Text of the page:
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The Woman's Journal & Education, Law and Depression... - History's Newsstand Blog : History's Newsstand Blog

The Woman’s Journal & Education, Law and Depression…

January 28, 2021 by  
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On the front page of a late 1800’s issue (Vol. XVII) of The Woman’s Journal three different topics caught my eye — and studying those prevented me from even opening up the issue.  Not included in my collection is the second entry of the column on the far right, entitled “Concerning Women”.  It reads, “Mrs. Harriet Beecher Stowe has just passed her seventy-fifth birthday.”  One of the most appealing things about old newspapers is that they put human details on the outline sketches of history, as with President Lincoln’s “little woman who wrote the book that started this great war.”

Of the more substantive things reported on June 26, 1886, a third of a column is devoted to the passage of legislation in Massachusetts that made it illegal for a man to seduce a woman, even if he was under 21 years of age.  With a bit of research I found that the crime described, “the making of a false promise of marriage as a way of luring a previously chaste unmarried woman into having sex.”  It baffles me that senators argued to keep this form of fraud legal for younger men since, “they did not think it is wise to punish a minor who might commit an offense in a moment of indiscretion.”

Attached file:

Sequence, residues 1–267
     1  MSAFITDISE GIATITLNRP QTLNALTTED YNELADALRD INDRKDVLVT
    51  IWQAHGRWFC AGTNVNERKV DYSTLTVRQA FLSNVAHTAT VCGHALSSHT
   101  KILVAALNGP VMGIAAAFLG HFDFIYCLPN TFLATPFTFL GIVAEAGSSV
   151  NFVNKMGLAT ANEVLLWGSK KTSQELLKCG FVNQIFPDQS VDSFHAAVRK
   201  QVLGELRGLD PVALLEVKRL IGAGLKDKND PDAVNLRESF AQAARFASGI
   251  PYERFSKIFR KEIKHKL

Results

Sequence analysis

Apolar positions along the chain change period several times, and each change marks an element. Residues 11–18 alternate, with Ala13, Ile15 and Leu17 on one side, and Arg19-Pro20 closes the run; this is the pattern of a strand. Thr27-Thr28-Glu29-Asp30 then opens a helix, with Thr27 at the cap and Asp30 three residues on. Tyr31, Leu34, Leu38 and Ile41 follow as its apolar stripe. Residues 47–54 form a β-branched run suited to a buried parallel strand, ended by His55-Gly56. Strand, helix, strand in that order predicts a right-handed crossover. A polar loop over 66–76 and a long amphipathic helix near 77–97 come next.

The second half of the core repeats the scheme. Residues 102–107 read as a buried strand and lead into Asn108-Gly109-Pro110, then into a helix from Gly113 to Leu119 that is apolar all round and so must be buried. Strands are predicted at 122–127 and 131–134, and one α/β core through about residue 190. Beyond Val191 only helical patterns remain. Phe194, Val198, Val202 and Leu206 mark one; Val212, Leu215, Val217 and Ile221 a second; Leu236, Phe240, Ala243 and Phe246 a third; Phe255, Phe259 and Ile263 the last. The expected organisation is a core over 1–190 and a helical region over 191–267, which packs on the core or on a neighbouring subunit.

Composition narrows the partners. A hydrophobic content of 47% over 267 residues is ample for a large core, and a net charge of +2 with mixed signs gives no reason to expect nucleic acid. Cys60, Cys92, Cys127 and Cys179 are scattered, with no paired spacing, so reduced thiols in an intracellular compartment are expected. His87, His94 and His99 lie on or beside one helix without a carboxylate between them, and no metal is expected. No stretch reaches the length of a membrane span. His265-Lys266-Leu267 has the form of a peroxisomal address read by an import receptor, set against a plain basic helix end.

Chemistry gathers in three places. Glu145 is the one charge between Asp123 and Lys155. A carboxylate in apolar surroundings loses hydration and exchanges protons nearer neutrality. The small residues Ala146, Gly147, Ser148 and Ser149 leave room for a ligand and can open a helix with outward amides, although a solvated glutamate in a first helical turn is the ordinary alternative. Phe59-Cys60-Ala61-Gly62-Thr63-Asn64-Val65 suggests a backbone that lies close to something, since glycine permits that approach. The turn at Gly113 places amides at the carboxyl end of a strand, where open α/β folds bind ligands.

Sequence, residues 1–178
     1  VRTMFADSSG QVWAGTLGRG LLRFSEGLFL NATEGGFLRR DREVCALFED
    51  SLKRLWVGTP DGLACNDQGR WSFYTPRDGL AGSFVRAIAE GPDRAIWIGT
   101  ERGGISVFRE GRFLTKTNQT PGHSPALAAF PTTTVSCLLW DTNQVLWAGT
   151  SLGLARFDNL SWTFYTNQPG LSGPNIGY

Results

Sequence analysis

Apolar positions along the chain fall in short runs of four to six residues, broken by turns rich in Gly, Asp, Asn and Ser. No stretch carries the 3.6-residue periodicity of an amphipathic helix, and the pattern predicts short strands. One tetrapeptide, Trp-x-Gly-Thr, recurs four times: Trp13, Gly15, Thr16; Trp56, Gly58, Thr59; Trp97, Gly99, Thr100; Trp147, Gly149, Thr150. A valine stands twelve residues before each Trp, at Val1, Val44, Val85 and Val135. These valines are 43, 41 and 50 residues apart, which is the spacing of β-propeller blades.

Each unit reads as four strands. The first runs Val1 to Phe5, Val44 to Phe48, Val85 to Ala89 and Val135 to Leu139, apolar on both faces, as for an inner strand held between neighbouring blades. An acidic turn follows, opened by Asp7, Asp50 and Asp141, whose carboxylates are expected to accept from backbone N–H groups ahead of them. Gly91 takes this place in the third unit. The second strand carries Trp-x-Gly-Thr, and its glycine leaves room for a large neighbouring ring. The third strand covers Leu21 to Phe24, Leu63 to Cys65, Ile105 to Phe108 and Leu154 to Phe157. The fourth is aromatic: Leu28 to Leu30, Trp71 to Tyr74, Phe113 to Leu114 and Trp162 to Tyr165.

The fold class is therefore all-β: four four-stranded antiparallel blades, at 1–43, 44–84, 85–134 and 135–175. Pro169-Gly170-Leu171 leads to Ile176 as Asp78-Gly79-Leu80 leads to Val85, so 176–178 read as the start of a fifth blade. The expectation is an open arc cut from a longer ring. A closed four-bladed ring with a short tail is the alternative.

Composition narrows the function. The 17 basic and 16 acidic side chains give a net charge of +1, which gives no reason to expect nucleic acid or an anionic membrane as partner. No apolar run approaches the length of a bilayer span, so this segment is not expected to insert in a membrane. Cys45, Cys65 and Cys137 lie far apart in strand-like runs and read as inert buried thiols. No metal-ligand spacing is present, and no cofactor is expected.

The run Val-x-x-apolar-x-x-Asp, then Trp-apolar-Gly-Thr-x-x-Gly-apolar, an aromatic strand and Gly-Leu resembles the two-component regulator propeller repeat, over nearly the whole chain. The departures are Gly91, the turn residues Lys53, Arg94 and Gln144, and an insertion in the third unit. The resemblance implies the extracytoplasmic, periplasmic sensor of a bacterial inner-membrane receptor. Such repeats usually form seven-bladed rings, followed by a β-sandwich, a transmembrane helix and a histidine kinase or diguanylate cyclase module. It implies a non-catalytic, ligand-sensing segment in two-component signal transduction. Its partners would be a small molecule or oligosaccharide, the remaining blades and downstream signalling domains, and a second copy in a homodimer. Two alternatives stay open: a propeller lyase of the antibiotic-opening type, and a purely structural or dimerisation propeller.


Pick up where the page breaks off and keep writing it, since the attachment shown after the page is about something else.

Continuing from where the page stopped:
In the medical arena, Dr. John B. Gray addressed a group at Utica and focused on the malady we currently term postpartum depression.  He classifies this as a “preventable cause of insanity”, and urges the organization of private support for women after they have delivered babies, to take the form of home and personal care.  He claims that the burdens of “toil and worry” overwhelm a new mother, in some cases to the point of losing their sense of reason.  The article concludes with his plea, “I have heard the wail of sorrow come up from too many households to keep silent.  I have looked into the meaningless eyes of too many, lost by neglect, to stay my voice.”

Finally, I will let the first editorial note speak to the frustration that fueled the fire to grant women the right to vote in this country.  And, as always, I calculate the length of time over which this energy had to be sustained until the final passage in 1919 of the 19th Amendment to the Constitution of the United States.

College degrees are just now being given to men and women without any public outcry against the fair sex, or even a hint that they are out of their sphere or usurping the rights of the other sex.  So much is gained.  But these young women, who in the world of letters hold B.A. and M. A. and even LL.D., are under the law held as equals of lunatics and idiots, and of male felons in prison.  Such men and such women are alike denied the right to vote!

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